Under the scheduled tasks tab we can also see two listings that relate to the ARP Service software we have identified.
By right-clicking on a file of interest we can submit the file to the website virustotal.com. Virustotal is a database of malware that reports on whether a file is recognized as malicious by multiple antivirus vendors.
Once the file has been submitted, the ‘Virus Total’ column will then display how many antivirus vendors have categorized the file as malicious. In the image below we can see that 55/76 vendors have a signature in place that detects this file as malicious.
When trying to identify malware using Autoruns here are some key tips to consider:
- Google is your friend! If you’re unsure, search for the filename and location. Ask yourself: is this a recognized piece of software and is it running from an expected location?
- Check the description for tell-tale signs such as incorrect grammar or seemingly randomly generated descriptions — this could indicate that Autoruns has located software that you may want to take a closer look at.
- Look for temporary directories. Malware will often install itself to temporary folders on the filesystem. If you have a piece of software that is set to launch when a device boots then why is it in a temporary folder?
- Hash the file and check virustotal.com. If malware has been installed with Admin privileges then it could be stored anywhere on disk. Confirm if a file is malicious by checking on virustotal.
How to Use Autoruns to Remove Malware
First, confirm the malware is running on your device which can be done by opening Task Manager. However, I recommend using Process Hacker which is one of my go-to tools for analyzing malware. Once downloaded, right-click on the Desktop icon and select ‘Run as Administrator’.
Once Process Hacker is running, we can now locate the malware that is running on the device.
By right-clicking on the malware we have the option to locate the file on disk by selecting ‘Open file location’.
This then opens the file path in Windows Explorer.
By dragging this file into a tool such as PeStudio we can grab the hash of the file.
Navigating to virustotal and performing a search of the hash will show that this is a RAT (Remote Access Trojan) known as Nanocore.
To stop the malware from running, right click on the process name and select ‘Terminate’.
Then confirm the termination of the process by selecting ‘Terminate’.
In Autoruns, the persistence mechanisms used to start the malware can then be deleted by right-clicking and selecting ‘Delete’.
Confirm the deletion by selecting ‘Yes’. Repeat this process for any additional persistence mechanisms that have been identified.
The malware can now be deleted from Windows Explorer.
Tips for Using Sysinternals Autoruns
I strongly advise against using Autoruns as your only form of detecting and removing malicious software. If you have detected and removed a piece of malware using these techniques then you may want to consider the following points:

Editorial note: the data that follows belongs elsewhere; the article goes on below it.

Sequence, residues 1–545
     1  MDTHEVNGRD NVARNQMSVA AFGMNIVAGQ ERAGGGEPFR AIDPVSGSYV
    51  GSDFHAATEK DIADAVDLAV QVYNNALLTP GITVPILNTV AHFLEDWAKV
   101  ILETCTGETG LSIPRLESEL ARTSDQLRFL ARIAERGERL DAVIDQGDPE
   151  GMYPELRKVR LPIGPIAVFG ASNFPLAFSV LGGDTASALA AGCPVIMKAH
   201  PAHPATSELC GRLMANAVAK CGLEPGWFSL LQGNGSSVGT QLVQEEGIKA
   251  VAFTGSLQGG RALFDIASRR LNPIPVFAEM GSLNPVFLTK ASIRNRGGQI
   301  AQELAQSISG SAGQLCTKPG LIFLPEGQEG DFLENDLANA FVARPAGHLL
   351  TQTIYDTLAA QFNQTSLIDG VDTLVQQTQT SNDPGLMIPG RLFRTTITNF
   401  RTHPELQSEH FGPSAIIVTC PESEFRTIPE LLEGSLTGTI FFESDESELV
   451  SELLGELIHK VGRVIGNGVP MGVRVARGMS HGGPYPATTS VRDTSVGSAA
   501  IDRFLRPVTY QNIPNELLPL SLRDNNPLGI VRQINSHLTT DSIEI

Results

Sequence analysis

Do you have backups of your files and data? If a device has been compromised then there is a strong possibility that other malware could be on the device. Having backups in place means your device can be rebuilt giving your confidence the threat has been fully remediated.
What Antivirus software do you have in place if any? If you have some form of AV in place and you have still been infected, then your security controls have failed and it may be a good time to reconsider investing in something that will give you confidence your data is protected.
Use Autoruns compare function to make it easy to check for any unwanted software that is persisting on your device. You can do this by running Autoruns on a clean device, selecting ‘File’ and then ‘Save’.
The output will now be saved as an ‘AutoRuns Data’ file using the extension ‘.arn’Autoruns. In the example below I have saved the output as ‘clean’.
In the example below I am selecting the output that I named ‘Clean’.
Autoruns will then only display any new software that has created a persistence mechanism. This is handy for filtering out legitimate software from a clean install.
I mainly use Autoruns for analyzing malware, however, within this article we have demonstrated how it can detect multiple ways that malicious software will try and persist on your device.
What I also really like about Autoruns is the price! There are a wealth of free tools out there that can help you with not only malware analysis but also a sysadmin, so be sure to check out this article which covers 21 free tools every sysadmin should know.
If the threat of malware going undetected in your organization is a concern then head over to the Varonis website to see how we stop a live attack and also see a demo of our Threat Detection Response.
What you should do now
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- Schedule a demo session with us, where we can show you around, answer your questions, and help you see if Varonis is right for you.
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Neil is a cyber security professional specializing in incident response and malware analysis. He also creates cyber security content for his YouTube channel and blog at 0xf0x.com.